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The Wagner Law Group Description 

The Wagner Law Group, A Professional Corporation, is a nationally recognized ERISA & employee benefits, estate planning, employment, labor & human resources practice. 


Established in 1996, The Wagner Law Group has 22 attorneys engaged exclusively in employee benefits, estate planning and employment law. Five of our attorneys are AV rated by Martindale-Hubbell as having very high to preeminent legal abilities and ethical standards. The firm is among the largest ERISA boutiques in the country. Our practice is national in scope, with clients in more than 40 states and several foreign countries.



Contact Info

The Wagner Law Group


  Integrity | Excellence


Massachusetts Office 

Tel: (617) 357-5200 

Fax: (617) 357-5250 

99 Summer Street 

13th Floor

Boston, MA 02110

Florida Office 

Tel: (561) 293-3590
Fax: (561) 293-3591
7121 Fairway Drive
Suite 203
Palm Beach Gardens, FL 33418


San Francisco Office

Tel: (415) 625-0002

Fax: (415) 829-4385

315 Montgomery Street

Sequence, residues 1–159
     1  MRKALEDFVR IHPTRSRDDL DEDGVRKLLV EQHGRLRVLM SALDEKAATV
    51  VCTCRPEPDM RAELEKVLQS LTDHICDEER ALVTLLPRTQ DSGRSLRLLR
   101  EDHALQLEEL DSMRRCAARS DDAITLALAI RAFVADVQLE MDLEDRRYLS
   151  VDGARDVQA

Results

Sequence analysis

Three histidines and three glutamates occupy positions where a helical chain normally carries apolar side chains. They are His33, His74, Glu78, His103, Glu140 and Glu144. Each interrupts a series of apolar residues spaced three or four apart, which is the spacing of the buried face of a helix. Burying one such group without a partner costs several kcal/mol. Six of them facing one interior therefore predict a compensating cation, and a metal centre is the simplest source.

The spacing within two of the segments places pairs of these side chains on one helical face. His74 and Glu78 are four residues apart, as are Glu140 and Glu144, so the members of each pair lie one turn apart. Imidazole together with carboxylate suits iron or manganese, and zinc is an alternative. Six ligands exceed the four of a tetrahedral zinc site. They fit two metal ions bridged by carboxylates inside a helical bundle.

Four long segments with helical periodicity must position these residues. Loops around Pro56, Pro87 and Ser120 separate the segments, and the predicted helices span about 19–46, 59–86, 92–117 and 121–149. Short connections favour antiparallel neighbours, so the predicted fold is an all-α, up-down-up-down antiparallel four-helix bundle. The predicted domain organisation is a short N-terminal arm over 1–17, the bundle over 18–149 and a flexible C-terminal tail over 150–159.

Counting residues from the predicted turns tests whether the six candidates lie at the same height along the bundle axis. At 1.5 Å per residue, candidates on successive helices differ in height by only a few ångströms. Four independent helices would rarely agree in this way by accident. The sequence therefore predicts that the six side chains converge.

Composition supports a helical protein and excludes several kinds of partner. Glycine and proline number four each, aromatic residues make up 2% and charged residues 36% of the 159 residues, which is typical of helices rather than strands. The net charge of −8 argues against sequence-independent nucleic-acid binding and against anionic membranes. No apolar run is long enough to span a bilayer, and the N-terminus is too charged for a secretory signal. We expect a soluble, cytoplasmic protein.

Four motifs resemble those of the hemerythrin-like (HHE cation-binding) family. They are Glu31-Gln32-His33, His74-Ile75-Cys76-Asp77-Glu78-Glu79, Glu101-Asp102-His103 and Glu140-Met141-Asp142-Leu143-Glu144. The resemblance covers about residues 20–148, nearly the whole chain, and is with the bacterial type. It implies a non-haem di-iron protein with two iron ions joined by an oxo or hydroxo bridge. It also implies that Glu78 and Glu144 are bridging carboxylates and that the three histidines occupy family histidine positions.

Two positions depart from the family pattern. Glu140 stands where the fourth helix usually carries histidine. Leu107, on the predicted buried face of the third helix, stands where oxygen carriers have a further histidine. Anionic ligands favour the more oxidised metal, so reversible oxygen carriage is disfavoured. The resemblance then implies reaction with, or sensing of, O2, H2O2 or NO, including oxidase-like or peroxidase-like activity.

Suite 902

San Francisco, CA 94104





January 24, 2013 

 State and Federal Law Alert


Fiscal Cliff Legislation Impacts Employer-Provided Fringe Benefits 


Earlier this month, President Obama signed into law the American Taxpayer Relief Act of 2012 ("ATRA"). ATRA was enacted to address the combination of tax increases and automatic spending cuts (widely known as the "fiscal cliff") that were set to take effect in 2013. Several provisions of ATRA make important changes that impact employer-provided fringe benefits. These changes are highlighted below:


Qualified Transportation Benefits. Before January 1, 2012, a parity rule for mass transit benefits (and van pool benefits) made the monthly exclusion limit equal to the limit for the qualified parking benefits exclusion. On January 1, 2012, the parity rule expired and the monthly mass transit/van pool limit fell to $125, while parking benefit limits remained at $240. ATRA restores the parity rule for 2013, and the limits for parking benefits and mass transit/van pool benefits will both be $245 per month.